If only all things in life were as easy to determine as a yes or no question. However, as with most things, the devil is in the detail.
While franchises may appear to be a nice and easy network of businesses you can immediately join and reap the benefit of, there are several issues that may result in you biting off more than you can chew.
That is not to say that all franchises are inherently bad; you just need to know the risks before taking the plunge and committing pen to paper.
To assist you with this process, I’ve compiled four key questions you should ask yourself when considering a franchise agreement. These include:
What is in it for me?
While the upfront costs of a franchise may seem like a fair deal, if you don’t look carefully at a franchise agreement before signing and get the proper advice, you may commit yourself to significant emotional and financial stress for several years.
Franchise agreements are often heavily favoured toward the franchisor and as such, the obligations imposed on the franchisee can be imposing.
Ensuring that you understand exactly what benefits you will enjoy from the franchise, as well as what obligations you must meet before signing the agreement are a must.
What is in it for the franchisor?
In short, the answer is everything. Franchises are designed to benefit one party above all others, the franchisor.
This is evident in the terms which provide for a generous franchise fee, as well as other advantages to the franchisor such as their use of "preferred suppliers".
This is not unusual for franchises as they have already done the hard work in building their brand.
However, when considering a franchise make sure you look carefully at what the franchisor is contributing and what you are contributing to them.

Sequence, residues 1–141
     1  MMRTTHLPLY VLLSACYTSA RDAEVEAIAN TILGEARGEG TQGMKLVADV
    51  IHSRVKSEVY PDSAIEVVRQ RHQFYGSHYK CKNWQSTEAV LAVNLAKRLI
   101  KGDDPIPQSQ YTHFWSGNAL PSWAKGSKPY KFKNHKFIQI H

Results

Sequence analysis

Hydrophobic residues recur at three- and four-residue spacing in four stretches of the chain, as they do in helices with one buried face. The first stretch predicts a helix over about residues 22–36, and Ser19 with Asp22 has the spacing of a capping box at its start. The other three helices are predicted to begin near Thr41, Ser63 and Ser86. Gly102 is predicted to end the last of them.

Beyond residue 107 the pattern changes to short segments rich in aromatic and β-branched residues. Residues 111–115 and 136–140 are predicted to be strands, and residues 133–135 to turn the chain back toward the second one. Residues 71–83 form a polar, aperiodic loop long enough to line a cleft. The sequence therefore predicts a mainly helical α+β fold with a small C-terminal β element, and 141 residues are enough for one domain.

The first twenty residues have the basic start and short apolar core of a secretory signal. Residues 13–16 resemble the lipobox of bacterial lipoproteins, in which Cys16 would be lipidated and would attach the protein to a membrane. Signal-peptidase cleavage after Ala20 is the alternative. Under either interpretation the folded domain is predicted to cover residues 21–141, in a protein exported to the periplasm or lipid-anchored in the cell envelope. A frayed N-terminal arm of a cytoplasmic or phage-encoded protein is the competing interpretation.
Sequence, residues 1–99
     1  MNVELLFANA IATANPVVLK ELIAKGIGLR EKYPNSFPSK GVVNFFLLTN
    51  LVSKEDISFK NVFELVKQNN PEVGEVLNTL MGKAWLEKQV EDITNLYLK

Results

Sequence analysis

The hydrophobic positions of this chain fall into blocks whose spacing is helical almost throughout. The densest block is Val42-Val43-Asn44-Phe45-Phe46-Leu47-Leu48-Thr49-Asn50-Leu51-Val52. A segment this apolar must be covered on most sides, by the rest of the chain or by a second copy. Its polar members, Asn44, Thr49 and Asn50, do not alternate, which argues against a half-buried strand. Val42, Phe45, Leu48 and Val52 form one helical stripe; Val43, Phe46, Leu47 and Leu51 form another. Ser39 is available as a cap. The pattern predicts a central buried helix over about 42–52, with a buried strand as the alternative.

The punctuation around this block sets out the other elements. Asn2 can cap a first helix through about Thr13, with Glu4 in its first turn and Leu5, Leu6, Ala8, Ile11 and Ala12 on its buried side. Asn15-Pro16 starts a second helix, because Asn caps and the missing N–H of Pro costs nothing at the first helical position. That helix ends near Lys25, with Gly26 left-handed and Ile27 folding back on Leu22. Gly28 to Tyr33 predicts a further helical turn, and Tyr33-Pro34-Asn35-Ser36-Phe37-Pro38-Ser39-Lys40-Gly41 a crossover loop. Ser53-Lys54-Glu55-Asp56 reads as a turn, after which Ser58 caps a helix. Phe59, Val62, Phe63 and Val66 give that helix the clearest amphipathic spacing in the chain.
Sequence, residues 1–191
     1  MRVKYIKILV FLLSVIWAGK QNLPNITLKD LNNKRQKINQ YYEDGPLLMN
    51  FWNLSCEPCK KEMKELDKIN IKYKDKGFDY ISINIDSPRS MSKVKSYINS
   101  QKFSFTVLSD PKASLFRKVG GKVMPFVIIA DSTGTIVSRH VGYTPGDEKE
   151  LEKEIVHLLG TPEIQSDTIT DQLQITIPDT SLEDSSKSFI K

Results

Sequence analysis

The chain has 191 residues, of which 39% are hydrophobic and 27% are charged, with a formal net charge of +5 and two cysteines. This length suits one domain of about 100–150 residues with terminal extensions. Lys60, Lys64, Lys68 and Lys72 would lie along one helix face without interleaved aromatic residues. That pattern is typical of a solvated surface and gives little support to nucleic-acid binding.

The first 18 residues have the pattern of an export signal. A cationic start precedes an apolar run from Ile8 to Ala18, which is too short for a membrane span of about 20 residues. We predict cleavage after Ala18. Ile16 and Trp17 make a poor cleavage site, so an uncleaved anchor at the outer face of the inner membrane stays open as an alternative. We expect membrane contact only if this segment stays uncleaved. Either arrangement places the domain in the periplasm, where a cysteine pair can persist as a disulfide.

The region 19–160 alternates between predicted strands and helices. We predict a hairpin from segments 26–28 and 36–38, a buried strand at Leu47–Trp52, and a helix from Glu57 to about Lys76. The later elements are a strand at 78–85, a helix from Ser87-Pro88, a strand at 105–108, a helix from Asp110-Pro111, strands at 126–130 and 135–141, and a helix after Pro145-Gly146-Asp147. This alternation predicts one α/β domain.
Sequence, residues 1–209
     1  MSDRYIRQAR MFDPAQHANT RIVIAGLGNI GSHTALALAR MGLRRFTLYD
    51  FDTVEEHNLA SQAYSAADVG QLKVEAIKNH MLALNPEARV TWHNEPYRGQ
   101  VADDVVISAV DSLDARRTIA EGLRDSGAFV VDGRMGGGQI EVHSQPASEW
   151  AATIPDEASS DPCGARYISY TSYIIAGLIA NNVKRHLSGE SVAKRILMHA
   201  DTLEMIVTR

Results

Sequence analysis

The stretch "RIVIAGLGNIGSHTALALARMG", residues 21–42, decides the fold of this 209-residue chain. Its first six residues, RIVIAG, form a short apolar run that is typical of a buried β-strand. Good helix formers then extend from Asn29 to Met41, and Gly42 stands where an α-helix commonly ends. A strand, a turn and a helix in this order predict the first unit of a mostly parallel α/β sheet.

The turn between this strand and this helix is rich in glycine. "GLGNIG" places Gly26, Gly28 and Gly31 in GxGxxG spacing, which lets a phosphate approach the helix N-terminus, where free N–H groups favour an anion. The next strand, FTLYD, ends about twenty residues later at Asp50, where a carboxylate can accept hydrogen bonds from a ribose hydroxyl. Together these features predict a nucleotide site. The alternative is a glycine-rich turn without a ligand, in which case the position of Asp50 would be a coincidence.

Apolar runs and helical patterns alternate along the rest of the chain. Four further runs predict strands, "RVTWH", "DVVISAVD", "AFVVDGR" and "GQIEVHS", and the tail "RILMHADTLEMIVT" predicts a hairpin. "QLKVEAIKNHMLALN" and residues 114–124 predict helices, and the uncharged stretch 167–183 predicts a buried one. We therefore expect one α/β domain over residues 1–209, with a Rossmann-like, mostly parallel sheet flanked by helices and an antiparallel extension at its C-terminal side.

If your benefits don’t add up, you may want to reconsider.
What if I want out?
Franchises are notoriously difficult to terminate. If you change your mind early on, you may be able to terminate the franchise agreement within the cooling-off window of seven days before either:
If you are not able to terminate within the standard cooling-off window, then you will need to look carefully at the franchise agreement’s terms and conditions. Usually, it will cost a lot of money to get out and you may lose everything you own in the process.
Unfortunately, franchises will often require a significant fee in the event you terminate early unless there is a breach by the franchisor or you are able to mutually agree to terminate with the franchisor.
What if the business doesn’t perform?
Franchises seem to be a common part of Australian business, so they can’t be that bad. Right?
While many franchises perform financially, there is no guarantee of success. In the unfortunate situation where your franchise fails to turn a profit, or only turns a nominal profit, you may want to consider terminating the franchise.
Unfortunately, franchise agreements rarely provide for this situation and franchisees often find themselves working hard for little to no benefit. If you are fortunate enough to have an understanding franchisor, you may be able to agree to a reduction, fee vacation or set-off, but there are no guarantees.
Before entering into a franchise agreement you should ensure that the business can perform well financially for a prolonged period. This may require some lengthy discussions with your accountant to ensure the numbers add up.
Setting yourself up for success
While the above questions are not exhaustive, they are a great starting point to find out if a franchise is the right option for you. If you are considering a franchise business, it is also very important to make sure you seek the right legal advice.
Having an expert, who has experience in this space, read over all agreements and provide advice is paramount in protecting you and your family.
The information in this blog is intended only to provide a general overview and has not been prepared with a view to any particular situation or set of circumstances. It is not intended to be comprehensive nor does it constitute legal advice. While we attempt to ensure the information is current and accurate we do not guarantee its currency and accuracy. You should seek legal or other professional advice before acting or relying on any of the information in this blog as it may not be appropriate for your individual circumstances.